A successful vaccine delivers the pathogenic agent or a component thereof in an immunogenic form, without eliciting the disease pathology, which enables an effective immune response with long-lasting protection. The effectiveness and protection offered by vaccination requires the successful activation of the acquired immune response elicited primarily by thymus (T) and bone marrow (B) derived lymphocytes. Activation of T lymphocytes requires engagement of their specialized T cell receptors with cell surface molecules encoded by the major histocompatibility complex (MHC). These are categorized into MHC class I, class II, and nonclassical molecules. T lymphocytes control the magnitude of their own response and enable a successful B cell response. Therefore, the mechanism of peptide generation (antigen processing) and loading onto MHC molecules (antigen presentation) are pivotal to a successful immune response and effective vaccination, especially when considering the generation of recombinant vaccines.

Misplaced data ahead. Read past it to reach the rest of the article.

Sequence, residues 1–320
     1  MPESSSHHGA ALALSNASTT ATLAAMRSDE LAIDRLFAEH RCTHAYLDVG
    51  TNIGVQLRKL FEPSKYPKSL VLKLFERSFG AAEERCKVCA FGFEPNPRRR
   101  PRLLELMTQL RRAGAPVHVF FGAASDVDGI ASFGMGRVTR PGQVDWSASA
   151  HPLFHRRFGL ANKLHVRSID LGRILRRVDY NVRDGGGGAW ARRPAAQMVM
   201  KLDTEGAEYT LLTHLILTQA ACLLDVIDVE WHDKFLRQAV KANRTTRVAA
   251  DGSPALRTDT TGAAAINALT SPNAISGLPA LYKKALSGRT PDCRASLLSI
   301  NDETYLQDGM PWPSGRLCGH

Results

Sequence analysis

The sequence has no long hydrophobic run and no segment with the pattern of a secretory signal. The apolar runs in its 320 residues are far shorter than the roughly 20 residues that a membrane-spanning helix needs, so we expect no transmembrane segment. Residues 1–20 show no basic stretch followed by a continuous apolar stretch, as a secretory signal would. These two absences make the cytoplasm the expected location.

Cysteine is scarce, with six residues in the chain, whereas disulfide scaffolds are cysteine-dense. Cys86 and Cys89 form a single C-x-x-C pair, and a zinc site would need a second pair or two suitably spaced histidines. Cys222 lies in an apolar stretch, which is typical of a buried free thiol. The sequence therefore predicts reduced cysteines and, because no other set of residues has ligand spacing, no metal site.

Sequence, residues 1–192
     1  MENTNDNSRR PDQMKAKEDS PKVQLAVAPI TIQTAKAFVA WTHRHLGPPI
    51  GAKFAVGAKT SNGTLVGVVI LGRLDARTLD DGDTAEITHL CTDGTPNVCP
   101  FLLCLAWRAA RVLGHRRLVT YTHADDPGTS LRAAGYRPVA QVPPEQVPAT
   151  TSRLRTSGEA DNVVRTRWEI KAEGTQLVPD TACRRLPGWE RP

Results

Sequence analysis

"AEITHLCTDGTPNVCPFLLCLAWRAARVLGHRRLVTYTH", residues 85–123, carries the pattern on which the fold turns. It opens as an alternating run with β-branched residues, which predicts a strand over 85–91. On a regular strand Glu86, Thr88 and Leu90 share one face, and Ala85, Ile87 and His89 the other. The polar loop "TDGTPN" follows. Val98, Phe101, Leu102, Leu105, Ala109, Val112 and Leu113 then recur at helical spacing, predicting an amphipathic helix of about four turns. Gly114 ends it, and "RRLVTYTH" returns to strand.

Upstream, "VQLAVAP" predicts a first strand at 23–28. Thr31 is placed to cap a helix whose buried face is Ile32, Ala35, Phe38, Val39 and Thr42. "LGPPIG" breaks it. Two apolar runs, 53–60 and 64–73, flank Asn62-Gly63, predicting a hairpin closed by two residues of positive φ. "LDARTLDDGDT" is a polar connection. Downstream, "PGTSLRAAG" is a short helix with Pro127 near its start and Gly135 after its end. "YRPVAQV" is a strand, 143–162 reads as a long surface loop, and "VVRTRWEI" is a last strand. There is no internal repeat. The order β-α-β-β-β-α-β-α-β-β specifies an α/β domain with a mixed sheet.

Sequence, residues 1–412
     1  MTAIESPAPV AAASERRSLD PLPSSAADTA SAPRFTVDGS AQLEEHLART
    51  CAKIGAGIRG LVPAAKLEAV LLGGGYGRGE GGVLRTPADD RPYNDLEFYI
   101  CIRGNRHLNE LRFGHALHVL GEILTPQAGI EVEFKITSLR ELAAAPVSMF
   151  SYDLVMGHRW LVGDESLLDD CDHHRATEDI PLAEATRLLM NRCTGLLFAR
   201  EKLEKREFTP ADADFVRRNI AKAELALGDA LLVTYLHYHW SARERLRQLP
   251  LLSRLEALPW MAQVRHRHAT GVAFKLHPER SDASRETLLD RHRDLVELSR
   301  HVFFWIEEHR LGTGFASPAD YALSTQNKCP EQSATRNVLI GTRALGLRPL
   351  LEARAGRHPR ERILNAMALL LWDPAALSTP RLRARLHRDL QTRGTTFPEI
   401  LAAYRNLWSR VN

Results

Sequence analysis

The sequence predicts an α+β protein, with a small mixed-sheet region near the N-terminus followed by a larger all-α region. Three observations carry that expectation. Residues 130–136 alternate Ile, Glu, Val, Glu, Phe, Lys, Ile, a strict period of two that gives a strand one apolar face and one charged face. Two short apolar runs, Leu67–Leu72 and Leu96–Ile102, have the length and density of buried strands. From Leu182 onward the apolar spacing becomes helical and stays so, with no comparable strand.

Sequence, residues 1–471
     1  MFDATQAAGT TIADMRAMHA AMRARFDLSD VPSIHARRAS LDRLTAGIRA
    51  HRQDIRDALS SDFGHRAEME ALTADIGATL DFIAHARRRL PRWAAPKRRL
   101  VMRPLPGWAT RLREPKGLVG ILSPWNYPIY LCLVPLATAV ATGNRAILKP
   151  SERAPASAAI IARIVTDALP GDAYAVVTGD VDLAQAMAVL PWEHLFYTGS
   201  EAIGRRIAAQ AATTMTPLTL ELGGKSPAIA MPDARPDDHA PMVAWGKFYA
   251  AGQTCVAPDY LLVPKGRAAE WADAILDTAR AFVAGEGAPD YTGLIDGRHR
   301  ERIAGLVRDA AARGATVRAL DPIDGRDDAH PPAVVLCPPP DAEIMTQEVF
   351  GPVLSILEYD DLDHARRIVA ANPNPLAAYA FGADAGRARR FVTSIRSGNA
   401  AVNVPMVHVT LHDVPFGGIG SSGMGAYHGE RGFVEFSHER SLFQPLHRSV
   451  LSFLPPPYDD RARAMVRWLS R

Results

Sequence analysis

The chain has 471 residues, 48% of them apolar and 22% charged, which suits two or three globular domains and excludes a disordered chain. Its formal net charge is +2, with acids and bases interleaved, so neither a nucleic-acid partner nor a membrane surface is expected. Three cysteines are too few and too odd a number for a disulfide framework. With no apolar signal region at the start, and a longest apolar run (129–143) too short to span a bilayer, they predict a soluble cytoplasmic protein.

|Title of host publication||Vaccinology|
|Subtitle of host publication||Principles and Practice|
|Place of Publication||Oxford|
|Number of pages||18|
|Publication status||Published - 3 Aug 2012|